EC Harris tied the knot with Arcadis a year ago and since then its chief executive has used their combined strength to win work worth £40m. Philip Youell tells Iain Withers the secrets to a successful takeover and where he intends to pitch for work in the future
EC Harris is finally achieving the rapid expansion it has so long desired - and in some style. The UK-based consultant, which was never shy about its growth ambitions and once considered floating on the London Stock Exchange to achieve them, was taken over by one of the world’s fastest growing construction companies, Amsterdam-listed giant Arcadis, a year ago this month.
The Dutch powerhouse is on course to grow turnover by a third to around £2.5bn in the current financial year, fuelled by a buying spree that has included EC Harris and the former Asian arm of Davis Langdon, the £79m-turnover Davis Langdon & Seah, which it bought in April.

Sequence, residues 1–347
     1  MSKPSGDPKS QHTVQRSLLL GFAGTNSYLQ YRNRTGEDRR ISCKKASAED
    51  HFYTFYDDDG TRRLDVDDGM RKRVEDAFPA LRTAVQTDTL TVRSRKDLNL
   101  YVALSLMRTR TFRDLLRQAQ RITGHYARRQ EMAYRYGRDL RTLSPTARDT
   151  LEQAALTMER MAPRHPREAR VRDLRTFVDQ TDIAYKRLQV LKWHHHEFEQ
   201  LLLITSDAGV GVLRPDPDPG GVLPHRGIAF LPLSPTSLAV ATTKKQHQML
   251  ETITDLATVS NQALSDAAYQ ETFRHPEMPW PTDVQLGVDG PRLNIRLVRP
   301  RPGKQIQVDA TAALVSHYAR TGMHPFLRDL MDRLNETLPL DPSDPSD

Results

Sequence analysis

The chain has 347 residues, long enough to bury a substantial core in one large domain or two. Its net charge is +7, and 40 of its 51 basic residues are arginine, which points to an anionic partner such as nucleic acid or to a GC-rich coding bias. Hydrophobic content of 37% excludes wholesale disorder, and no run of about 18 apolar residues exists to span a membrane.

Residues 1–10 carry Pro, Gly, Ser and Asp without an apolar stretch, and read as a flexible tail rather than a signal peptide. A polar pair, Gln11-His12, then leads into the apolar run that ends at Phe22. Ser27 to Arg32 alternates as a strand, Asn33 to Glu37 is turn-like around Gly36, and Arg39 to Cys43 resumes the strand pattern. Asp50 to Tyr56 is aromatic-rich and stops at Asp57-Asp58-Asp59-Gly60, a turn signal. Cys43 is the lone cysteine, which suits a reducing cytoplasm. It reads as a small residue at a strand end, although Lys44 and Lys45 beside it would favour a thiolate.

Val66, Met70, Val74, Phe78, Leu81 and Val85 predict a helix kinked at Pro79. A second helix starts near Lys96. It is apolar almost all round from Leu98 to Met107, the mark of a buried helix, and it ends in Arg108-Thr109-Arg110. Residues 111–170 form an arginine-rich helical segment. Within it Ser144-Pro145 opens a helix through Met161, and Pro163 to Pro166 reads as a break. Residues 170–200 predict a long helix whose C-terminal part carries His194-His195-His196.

Philip Youell, EC Harris chief executive, now enjoys access to a global workforce of 21,000 people. But from his perspective the hard graft starts here. “We joined in order to create a bigger, powerful, global-leading business. It’s not going to be done in one year.”
Speaking in the top floor boardroom of the consultant’s swankily converted former railway warehouse near King’s Cross station, north London, Youell reveals how EC Harris aims to capitalise on the takeover, learn from the mistakes of past industry deals and integrate and re-brand its divisions.
EC Harris, an Arcadis company